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Algea help - what algea cleaners do you use

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Algea help - what algea cleaners do you use
Old 07-18-2009, 09:28 AM   #11
 
Well I hate the idea of not using my other light fixture. I am seeing greener plants and new growth. Ill definately try the root tabs for the swords. I attributed the yellowing leaves to the algae however there are some newer leaves coming from them. Would I prune the long leaves to get wider growth toward the base of them?

My reasoning for the ferts are that they both have different micronutrients with just one or two in common. For example only one has iron. I think I will continue to alternate perhaps just spacing out more and dosing less. I really want to plant more heavily I am trying to let it fill naturally, I think I have opposing thoughts. One I want to plant heavily, two I am nervous about planting too close together especially different species.
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Old 07-18-2009, 09:41 AM   #12
 
I forget, what kind of bulbs do you have on your tanks? How do all those corys do in your 90 gallon? Plenty of room for them to move? How many total do you have in there?
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Old 07-18-2009, 04:48 PM   #13
 
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By reducing your light,and greatly reducing your photo period,this should help.I would also cut out the ferts all together.With the WPG and photo period cut down,there will probably be enough waste from the fish to feed your plants.Adding ferts also feeds the algae.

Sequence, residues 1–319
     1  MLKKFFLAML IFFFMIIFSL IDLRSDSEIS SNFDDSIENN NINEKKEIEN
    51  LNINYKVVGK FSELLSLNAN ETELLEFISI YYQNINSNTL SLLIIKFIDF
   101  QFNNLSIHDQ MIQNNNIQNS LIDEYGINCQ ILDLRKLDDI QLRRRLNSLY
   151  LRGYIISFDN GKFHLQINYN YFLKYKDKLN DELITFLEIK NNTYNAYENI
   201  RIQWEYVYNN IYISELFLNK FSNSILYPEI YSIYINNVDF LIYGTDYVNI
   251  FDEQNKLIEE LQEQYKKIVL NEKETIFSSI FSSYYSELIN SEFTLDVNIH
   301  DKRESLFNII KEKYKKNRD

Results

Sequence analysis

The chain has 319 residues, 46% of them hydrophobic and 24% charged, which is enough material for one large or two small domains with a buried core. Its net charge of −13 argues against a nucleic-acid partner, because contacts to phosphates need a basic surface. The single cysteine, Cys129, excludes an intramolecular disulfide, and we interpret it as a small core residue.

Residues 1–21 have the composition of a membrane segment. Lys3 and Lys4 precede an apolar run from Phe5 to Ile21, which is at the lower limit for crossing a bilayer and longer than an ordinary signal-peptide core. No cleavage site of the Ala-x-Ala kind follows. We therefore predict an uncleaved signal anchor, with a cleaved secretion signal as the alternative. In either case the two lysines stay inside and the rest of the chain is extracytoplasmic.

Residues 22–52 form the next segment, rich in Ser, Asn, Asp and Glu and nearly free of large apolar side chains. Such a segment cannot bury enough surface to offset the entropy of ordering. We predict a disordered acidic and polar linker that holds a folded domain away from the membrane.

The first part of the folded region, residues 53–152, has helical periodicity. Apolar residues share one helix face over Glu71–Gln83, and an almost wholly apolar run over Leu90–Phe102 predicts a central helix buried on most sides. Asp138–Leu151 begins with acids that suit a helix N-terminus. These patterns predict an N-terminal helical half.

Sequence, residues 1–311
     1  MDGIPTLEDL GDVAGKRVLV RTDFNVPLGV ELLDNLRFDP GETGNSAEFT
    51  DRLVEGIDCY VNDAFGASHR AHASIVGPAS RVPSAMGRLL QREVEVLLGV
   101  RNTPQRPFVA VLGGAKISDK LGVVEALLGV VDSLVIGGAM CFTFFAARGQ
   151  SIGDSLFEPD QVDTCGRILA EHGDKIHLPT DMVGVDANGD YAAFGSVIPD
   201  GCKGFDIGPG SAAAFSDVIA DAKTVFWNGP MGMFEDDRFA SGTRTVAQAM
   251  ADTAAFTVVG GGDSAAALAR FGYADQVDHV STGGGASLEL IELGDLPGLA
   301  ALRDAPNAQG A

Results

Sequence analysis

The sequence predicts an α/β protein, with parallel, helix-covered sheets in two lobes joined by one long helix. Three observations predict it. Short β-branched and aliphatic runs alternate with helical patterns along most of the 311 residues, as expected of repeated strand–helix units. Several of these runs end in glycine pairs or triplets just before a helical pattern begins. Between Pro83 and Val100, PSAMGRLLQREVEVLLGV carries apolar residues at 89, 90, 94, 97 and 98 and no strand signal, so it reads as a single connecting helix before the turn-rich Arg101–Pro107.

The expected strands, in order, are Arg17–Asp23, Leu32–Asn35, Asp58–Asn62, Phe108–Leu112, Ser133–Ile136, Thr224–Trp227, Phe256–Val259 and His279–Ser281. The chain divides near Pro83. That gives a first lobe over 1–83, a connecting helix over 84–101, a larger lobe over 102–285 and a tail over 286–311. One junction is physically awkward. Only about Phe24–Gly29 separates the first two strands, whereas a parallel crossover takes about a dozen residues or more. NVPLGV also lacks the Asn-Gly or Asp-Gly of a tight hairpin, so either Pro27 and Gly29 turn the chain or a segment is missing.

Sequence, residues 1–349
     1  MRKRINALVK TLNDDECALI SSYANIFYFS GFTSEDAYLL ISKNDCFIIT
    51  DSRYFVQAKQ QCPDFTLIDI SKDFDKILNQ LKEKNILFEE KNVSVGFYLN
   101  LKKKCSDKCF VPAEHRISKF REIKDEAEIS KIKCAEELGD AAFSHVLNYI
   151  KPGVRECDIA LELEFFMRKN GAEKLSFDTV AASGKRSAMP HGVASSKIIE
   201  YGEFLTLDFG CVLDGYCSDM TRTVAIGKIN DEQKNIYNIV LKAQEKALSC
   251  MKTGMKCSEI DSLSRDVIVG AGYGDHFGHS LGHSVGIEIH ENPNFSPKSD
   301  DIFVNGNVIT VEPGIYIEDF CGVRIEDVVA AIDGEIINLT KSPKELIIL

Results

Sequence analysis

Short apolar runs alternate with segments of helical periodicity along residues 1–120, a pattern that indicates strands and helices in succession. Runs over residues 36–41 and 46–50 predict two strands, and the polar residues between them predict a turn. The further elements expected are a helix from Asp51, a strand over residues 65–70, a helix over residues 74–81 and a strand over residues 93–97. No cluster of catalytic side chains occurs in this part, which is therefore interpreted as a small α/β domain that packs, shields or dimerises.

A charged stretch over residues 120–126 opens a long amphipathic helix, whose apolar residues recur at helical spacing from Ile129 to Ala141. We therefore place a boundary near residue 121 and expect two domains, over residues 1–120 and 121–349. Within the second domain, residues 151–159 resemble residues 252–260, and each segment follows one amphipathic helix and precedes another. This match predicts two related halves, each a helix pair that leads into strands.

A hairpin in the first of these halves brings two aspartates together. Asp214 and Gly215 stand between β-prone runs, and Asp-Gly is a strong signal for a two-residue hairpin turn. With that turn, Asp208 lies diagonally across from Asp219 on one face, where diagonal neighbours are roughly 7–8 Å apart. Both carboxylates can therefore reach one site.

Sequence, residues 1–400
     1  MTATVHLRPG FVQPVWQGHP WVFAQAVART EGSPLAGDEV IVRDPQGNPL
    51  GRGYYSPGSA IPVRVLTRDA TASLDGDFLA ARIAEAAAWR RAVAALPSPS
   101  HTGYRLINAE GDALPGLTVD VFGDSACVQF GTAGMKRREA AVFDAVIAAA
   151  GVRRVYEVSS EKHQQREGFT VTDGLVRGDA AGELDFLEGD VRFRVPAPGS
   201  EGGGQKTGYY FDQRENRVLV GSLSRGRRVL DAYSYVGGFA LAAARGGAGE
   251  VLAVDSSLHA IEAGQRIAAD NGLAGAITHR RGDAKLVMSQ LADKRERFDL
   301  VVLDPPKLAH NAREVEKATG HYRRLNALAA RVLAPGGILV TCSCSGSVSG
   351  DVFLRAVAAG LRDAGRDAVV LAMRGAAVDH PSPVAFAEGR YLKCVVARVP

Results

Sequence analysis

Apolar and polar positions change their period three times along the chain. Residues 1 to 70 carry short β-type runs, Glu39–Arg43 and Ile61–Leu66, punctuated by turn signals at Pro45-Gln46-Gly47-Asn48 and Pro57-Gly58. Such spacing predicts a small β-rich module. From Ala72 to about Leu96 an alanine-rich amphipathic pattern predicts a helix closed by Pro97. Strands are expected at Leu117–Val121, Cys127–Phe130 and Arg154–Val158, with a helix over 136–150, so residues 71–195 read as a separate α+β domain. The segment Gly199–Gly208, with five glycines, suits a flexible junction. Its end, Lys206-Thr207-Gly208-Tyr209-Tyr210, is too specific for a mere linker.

Because you already have the fixture,have you considered pressurized CO2?
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Old 07-18-2009, 05:57 PM   #14
 
Only really thought about a DIY Co2 but most seem to recommend against it. I would like to optimize plant growth in the best way to fight algae. Is a DIY much worse than a store bought system. I was thinking just yeast and sugar going into a diffuser of some sort thru an air line. Again most have said prob not to bother with Co2 but that if its the limiting factor algae will take advantage. I suppose I could try the Co2 and see how that fights the algae.
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Old 07-19-2009, 08:19 AM   #15
 
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Well I hate the idea of not using my other light fixture. I am seeing greener plants and new growth. Ill definately try the root tabs for the swords. I attributed the yellowing leaves to the algae however there are some newer leaves coming from them. Would I prune the long leaves to get wider growth toward the base of them?

My reasoning for the ferts are that they both have different micronutrients with just one or two in common. For example only one has iron. I think I will continue to alternate perhaps just spacing out more and dosing less. I really want to plant more heavily I am trying to let it fill naturally, I think I have opposing thoughts. One I want to plant heavily, two I am nervous about planting too close together especially different species.
I'll respond to this and the subsequent post on CO2 since they are related. Plants grow by photosynthesis, and in order to photosynthesize the light and nutrients (includes CO2 and macro-nutrients and micro-nutrients) must be in balance. If one of these is too much to balance the others, the plants cannot utilize it. This is where algae steps in; it can more easily convert carbon from carbonates than plants, so with an excess of light and/or nutrients the algae can increase even though there is not sufficient carbon from CO2. The plants are in this case at a disadvantage.

You will not combat this algae without reducing the light. As for the macro- and micro-nutrients, they also have to be in balance. Using two distinct fertilizers is in my view probably not providing what the plants actually need in terms of the correct amount of each macro- and micro-nutrient. One good comprehensive fertilizer is all that is necessary, unless you start dosing every nutrient individually; but getting these in the proper balance would be impossible for me and I suspect for you, so I would not go down that road. There are good balanced fertilizers available; Seachem's Flourish Comprehensive and Kent Freshwater Plant are two I have used with equal success.